Today: New report finds Google's many innovations have made its brand the best in the world, valued at nearly $160 billion, while Apple's slips on perception of stagnation. Also, Netflix's European expansion and Facebook's new sound-recognition feature spur gains.
Google on top of the world, at least in value
Google has overtaken Apple as the world's most valuable brand, according to a new study.
Apple, which had held the top spot for three years, fell to No. 2 as its value dropped 20 percent over the past year, to $148 billion, according to the "BrandZ Top 100 Most Valuable Goblal Brands" study, conducted by research firm Millward Brown. Google, meanwhile, surged 40 percent year-over-year, with its value increasing to $159 billion, the report found. The top five was rounded out by IBM ($108 billion), Microsoft ($90 billion) and McDonald's ($86 billion).
Google's "everywhere, everything" strategy -- with innovations in self-driving cars, mapping, wearable technology and more -- appeared to be the prime factor in pushing it ahead of Apple, which suffered from "a growing perception that it is no longer redefining technology for consumers, reflected by a lack of dramatic new product launches," the report said.
"I think the world is looking at Apple as a brand that created an Earth-shattering revolution, and I think that has slowed down a bit," Millward Brown vice president Oscar Yuan told AdWeek. "The fact that (Google) doesn't see themselves contained in one sector is really a testament to their boldness and willingness to try new things."
The biggest surprise on the list may have been Chinese Internet portal Tencent, which almost doubled its year-over-year value to $54 billion, good for a global ranking of No. 14 and surpassing China Mobile as Asia's most valuable brand.
Silicon Valley tech companies also made big gains in this year's survey. Facebook rose to No. 21 on the list -- one step above Walmart -- with a value of $36 billion, a 68 percent year-over-year increase. No. 45 Oracle improved 4 percent, to $21 billion; No. 69 Yahoo surged 44 percent, to $14 billion; and Twitter and LinkedIn both made their debuts on the list, at Nos. 71 and 78, respectively, with values of $14 billion and $12 billion.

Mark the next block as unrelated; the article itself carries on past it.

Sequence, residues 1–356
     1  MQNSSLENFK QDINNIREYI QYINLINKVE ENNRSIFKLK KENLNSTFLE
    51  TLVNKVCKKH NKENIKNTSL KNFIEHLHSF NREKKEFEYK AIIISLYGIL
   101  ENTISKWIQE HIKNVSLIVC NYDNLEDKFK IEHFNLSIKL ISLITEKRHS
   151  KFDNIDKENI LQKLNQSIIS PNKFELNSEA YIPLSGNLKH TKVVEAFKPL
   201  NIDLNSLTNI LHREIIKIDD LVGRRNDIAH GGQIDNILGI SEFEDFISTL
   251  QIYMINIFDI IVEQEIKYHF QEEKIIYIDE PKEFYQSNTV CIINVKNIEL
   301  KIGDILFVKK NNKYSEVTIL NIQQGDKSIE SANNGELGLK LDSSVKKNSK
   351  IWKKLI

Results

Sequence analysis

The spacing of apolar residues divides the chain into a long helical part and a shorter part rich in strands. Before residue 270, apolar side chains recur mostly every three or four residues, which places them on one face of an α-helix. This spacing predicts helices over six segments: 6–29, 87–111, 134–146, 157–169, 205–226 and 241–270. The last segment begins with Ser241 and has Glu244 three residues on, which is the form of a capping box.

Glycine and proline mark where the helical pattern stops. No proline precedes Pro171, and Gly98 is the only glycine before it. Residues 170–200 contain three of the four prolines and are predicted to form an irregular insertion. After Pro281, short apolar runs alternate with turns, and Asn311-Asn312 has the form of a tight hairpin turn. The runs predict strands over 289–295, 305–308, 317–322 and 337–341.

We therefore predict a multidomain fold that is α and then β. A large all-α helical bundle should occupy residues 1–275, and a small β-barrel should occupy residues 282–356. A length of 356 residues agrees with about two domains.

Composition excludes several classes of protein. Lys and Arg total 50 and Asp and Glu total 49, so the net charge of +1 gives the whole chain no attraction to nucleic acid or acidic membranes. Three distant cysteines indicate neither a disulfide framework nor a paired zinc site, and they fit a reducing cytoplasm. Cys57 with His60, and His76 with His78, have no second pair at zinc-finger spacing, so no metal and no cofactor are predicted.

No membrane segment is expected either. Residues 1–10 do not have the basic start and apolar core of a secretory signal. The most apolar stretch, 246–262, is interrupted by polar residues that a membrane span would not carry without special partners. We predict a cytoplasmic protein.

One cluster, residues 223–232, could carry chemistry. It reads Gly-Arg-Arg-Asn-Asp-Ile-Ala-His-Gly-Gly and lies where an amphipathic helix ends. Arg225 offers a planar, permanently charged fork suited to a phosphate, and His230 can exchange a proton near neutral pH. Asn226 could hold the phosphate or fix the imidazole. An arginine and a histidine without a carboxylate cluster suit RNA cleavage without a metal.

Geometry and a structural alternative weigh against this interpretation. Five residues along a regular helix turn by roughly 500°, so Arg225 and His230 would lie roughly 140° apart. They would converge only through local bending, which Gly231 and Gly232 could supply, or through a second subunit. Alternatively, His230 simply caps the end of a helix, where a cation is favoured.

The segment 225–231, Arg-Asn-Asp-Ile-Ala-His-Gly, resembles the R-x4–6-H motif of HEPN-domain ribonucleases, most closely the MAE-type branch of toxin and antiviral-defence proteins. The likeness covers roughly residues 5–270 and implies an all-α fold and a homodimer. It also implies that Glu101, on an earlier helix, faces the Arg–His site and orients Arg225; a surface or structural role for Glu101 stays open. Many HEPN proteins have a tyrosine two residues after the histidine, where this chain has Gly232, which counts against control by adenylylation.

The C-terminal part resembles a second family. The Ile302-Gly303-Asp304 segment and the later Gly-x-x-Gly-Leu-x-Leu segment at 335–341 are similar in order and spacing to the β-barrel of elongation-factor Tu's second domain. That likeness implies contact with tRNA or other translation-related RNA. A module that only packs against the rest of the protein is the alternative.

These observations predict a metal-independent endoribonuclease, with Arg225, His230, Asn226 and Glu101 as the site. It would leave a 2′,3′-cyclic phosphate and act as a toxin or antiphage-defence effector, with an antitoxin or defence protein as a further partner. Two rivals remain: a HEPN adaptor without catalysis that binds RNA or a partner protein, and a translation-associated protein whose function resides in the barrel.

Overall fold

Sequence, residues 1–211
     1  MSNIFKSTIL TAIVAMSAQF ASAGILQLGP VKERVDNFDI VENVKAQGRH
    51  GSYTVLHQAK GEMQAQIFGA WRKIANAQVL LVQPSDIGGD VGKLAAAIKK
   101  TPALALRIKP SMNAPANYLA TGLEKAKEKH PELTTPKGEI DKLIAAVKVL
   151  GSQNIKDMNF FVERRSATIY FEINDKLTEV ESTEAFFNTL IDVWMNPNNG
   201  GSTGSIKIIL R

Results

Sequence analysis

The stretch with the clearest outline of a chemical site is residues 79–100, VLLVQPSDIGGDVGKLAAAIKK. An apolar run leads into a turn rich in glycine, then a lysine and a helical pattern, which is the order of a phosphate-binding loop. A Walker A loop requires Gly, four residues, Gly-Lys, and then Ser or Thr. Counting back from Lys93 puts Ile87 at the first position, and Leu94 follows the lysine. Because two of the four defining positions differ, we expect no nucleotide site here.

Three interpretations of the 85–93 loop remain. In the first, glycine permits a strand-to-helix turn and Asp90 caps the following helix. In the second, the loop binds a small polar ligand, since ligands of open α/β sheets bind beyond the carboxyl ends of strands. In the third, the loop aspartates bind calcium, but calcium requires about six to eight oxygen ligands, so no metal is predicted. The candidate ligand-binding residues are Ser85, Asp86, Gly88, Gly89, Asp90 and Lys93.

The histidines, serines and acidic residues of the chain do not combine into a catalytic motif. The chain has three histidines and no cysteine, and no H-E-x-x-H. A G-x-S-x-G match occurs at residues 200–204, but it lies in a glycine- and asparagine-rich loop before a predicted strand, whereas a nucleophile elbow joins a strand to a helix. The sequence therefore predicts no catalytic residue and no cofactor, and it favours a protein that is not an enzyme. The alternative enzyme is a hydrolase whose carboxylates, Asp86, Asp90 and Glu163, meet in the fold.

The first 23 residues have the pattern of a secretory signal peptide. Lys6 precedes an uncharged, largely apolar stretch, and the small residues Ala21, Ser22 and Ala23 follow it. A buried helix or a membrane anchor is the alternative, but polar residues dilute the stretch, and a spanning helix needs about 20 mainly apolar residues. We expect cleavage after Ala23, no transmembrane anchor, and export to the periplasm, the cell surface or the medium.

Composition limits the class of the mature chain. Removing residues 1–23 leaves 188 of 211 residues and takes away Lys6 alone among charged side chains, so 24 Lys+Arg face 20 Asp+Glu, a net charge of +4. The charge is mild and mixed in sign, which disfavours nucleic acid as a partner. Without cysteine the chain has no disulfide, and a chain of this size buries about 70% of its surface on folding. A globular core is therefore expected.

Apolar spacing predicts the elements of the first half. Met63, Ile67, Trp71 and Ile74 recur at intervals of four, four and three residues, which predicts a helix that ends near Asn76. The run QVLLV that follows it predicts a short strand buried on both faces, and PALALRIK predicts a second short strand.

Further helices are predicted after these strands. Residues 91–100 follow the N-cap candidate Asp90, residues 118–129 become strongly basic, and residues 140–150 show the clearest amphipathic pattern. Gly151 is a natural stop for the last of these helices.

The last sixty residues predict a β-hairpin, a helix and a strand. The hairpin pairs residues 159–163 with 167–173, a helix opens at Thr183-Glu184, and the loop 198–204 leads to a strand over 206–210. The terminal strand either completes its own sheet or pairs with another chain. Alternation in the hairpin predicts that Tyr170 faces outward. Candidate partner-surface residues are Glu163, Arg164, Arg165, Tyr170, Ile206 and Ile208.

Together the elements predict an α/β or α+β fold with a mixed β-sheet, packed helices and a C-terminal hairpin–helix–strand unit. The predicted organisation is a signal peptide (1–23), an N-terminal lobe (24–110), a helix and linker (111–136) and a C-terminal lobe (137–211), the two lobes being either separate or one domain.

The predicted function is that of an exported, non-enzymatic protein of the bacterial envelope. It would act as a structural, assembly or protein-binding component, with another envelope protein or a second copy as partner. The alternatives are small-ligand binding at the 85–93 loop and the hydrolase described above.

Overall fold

"Digital service brands such as Google, Facebook, Twitter, Tencent and LinkedIn are now more than just tools, they have become part of our lives," BrandZ director Peter Walshe told the Telegraph. "They offer new forms of communication that absorb people's attention and imagination, while also helping them organise the rest of their lives at the same time. To gain more of our mind-space brands such as Google are making ambitious plays across existing category boundaries."
In other Google news, the Mountain View tech giant filed SEC documents revealing it's amassing up to $30 billion in overseas cash to acquire foreign companies; predicted it would someday show ads on everything from car dashboards to refrigerators to thermostats; and was sued over alleged ad-revenue fraud. Google shares gained 1.7 percent for the day, or $9.31, to close at $549.70.
Apple gained 0.26 percent, or $1.60, to close at $606.31, about $1 off its 52-week high.
SV150 market report: Netflix expansion, new Facebook feature spur gains
Stocks rose nearly across the board Wednesday, with almost 1 percent gains among the major indexes, though tech shares lagged slightly in the tech-heavy Nasdaq and SV150 index.
Los Gatos-based Netflix surged more than 5 percent, or $18.93, to $390.60 after announcing an expansion of its video-on-demand service to six European countries, including Germany and France. Menlo Park social behemoth Facebook rose 3.3 percent, or $1.93, to $60.49, after announcing its mobile app would feature the Shazam-like ability to hear and identify music and TV shows playing near users. The feature would simplify sharing and help "tell better stories," Facebook product manager Aryeh Selekman told the Wall Street Journal, but could also be used to compile TV ratings that could someday challenge industry leader Nielsen. TV ratings, of course, drive ad rates, which could also greatly benefit Facebook. San Jose-based networking giant Cisco rose 1.5 percent, or 36 cents, to $24.48, despite fears its international sales would be hurt, especially in China, after revelations that the NSA used its products to conduct spying.
EBay, the San Jose-based e-commerce giant, saw its shares slip a miniscule 0.15 percent, or 8 cents, to $51.88, after it warned users to change their passwords after its database was hacked. No financial data was believed to have been stolen. Hewlett-Packard fell nearly 1 pecent, or 28 cents, to $32.52, on the day the Palo Alto company launched a low-cost Android tablet.
Up: Oracle, Intel, Gilead, VMware, Juniper, Yahoo, Zynga, LinkedIn, Tesla
Down: Twitter, Pandora, Salesforce, Workday
SV150 index of Silicon Valley's biggest companies: Up 10.54, or 0.75 percent, to 1,415.31.
The tech-heavy Nasdaq composite index: Up 34.65 , or 0.81 percent, to 4,131.54.
The blue chip Dow Jones industrial average: Up 158.75 or 0.97 percent, to 16,533.06.
And the widely watched Standard & Poor's 500 index: Up 15.20, or 0.85 percent, to 1,888.03.
Check in weekday afternoons for the 60-Second Business Break, a summary of news from Mercury News staff writers, The Associated Press, Bloomberg News and other wire services. Follow Mike Murphy at twitter.com/mmmmurf.